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Every Black Student Should Have a Black Teacher. Here’s How We Can Make That Possible.

Admin By Admin Nov27,2023

I’ve spent more than a decade working as a teacher and principal. In 2015, I left the classroom for a year to try something different and it completely reshaped my work.

I took on a role as a teacher recruiter at Achievement First, where my focus was working with principals to hire teachers. At the time, I had just finished my Teach For America commitment at my placement school, Miami Northwestern Senior High School, where I had the benefit of working in a historically Black community at a public high school with a majority Black staff and leadership team with members who looked like me.

Our Blackness was elevated and celebrated every day, so when I began recruiting, I was unaware of the racial disparity between America’s teaching cadre and our nation’s student population.

I assumed that all Black students experienced Black teachers in school. I was wrong.

When I became a teacher recruiter, part of my job was to visit each school, observe classrooms and talk to students to get a better understanding of the atmosphere and personality of each school community. There was one trend that was consistent across the majority of schools I worked with: Most of the students identified as Black, while the majority of the teachers were white.

As a recruiter, I saw this picture clear as day and I wasn’t the only one. In fact, one of the principals I was working with looked me straight in the eye during one of our check-ins and said, “Damen, I need Black teachers.”

I didn’t have an immediate solution for her, but I did have a community I could tap into to find strong Black teacher candidates. I had graduated from a historically Black college (Morehouse College), I am a member of a historically Black fraternity, and many of my family members had ties to the education profession.

I turned to my network for referrals and it started to work. Some of the principals I was working with began hiring more Black teachers. One of them — the principal at Achievement First Brooklyn high school — hired six Black teachers that year, including me.

When I went back to the classroom after my year of recruiting, I noticed the problem again. Our students were majority Black but (at that time) our staff was mostly white. Though my decision to return to the classroom was helping to change the narrative in my own school building, the gap persisted and I wasn’t in a position to change it systemically.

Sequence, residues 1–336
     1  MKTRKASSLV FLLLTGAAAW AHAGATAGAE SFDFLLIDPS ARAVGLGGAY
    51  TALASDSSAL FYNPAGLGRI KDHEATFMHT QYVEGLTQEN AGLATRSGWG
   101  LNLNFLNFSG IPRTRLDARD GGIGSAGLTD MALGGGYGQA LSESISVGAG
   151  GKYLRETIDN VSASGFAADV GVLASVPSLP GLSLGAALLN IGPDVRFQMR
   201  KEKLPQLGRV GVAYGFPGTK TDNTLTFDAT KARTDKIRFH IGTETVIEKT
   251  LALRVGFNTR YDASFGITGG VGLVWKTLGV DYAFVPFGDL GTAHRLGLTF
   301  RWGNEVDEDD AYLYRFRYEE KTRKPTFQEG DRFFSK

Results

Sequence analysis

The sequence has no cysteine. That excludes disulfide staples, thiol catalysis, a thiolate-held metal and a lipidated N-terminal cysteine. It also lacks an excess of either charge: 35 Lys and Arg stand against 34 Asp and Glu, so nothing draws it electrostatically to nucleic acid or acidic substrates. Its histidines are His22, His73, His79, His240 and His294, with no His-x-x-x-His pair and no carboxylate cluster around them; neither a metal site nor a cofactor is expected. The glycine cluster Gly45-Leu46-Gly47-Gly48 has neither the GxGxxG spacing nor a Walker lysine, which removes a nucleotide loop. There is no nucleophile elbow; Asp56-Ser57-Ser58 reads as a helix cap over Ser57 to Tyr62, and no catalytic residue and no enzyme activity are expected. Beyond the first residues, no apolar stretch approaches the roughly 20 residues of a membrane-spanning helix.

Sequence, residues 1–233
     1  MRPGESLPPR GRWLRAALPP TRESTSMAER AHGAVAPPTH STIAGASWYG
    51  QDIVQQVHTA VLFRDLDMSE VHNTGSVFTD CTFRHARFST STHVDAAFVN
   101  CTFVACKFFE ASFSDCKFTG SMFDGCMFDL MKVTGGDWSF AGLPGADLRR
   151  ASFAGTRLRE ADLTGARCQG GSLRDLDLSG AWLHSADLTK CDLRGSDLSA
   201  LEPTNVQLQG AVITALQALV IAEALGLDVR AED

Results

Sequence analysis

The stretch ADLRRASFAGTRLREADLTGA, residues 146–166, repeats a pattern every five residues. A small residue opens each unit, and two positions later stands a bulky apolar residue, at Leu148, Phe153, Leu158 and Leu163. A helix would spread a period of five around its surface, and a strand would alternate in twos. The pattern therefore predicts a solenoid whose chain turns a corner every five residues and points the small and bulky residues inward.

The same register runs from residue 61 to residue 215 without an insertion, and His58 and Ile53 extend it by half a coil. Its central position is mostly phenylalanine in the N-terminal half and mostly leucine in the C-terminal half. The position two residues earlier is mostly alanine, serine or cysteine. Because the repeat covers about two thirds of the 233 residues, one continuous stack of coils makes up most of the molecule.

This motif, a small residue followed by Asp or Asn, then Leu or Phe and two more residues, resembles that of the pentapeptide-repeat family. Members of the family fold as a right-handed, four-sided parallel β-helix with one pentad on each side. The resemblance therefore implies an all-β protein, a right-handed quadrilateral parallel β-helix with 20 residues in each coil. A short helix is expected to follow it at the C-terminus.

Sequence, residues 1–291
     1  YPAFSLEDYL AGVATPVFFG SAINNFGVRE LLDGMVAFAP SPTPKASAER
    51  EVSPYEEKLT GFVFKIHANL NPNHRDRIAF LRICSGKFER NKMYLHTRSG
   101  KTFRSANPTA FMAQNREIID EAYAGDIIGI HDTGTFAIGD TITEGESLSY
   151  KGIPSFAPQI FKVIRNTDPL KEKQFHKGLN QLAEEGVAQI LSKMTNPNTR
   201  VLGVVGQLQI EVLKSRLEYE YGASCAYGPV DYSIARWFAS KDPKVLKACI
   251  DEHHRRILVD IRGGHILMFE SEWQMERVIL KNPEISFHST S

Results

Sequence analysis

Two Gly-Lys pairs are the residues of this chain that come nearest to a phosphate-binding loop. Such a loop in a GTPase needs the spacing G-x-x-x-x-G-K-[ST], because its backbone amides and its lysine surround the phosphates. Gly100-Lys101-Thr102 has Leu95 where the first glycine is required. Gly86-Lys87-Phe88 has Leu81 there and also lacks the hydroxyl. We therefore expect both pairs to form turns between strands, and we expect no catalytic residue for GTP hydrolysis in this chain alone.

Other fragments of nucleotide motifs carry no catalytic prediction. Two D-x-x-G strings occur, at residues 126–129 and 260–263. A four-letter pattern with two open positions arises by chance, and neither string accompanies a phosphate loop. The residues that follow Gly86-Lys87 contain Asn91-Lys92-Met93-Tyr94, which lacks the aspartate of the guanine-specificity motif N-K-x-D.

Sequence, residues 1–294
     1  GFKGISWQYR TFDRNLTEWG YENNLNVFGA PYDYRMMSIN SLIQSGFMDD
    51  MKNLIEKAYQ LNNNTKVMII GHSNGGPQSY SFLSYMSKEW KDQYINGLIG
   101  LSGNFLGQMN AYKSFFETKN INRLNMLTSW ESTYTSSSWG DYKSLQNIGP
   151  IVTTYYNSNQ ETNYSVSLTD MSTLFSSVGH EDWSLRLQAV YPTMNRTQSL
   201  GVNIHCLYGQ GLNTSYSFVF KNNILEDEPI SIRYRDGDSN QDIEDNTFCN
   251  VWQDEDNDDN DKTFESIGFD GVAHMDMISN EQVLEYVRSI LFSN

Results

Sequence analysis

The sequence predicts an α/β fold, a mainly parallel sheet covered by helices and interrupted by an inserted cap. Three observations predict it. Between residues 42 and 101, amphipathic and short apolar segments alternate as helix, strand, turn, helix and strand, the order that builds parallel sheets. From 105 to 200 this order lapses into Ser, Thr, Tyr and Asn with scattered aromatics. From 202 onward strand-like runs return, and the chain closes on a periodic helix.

Now, eight years later, I am the principal of that same school and I’m proud to say that every student has multiple Black teachers each year, an anomaly given that in the United States, only 7 percent of public school teachers identify as Black according to data from the National Center for Education Statistics.

This change didn’t happen overnight — it took years to ensure that our staff reflects the diversity of our student body. To get there, I had to shift my mindset towards equity and applying what I learned from my role as a recruiter to refining our hiring process. But before all of that, I had to turn to history for a deeper understanding of how we got here.

Turning to History

When I started this work, it felt critical to understand why there are so few Black teachers in American public schools. The 1954 Brown vs. Board of Education decision was revealing. Though the case nullified the Plessy vs. Ferguson doctrine of “separate but equal,” and created the landscape for racial integration in America’s public schools, it decimated the Black teacher and administrator workforce. Widespread resistance to integration led to the firing, dismissal or demotion of 100,000 Black principals and teachers between 1952 and the late 1970s, according to Brookings Institution. Since the 1970’s, the number of Black teachers has been on the decline.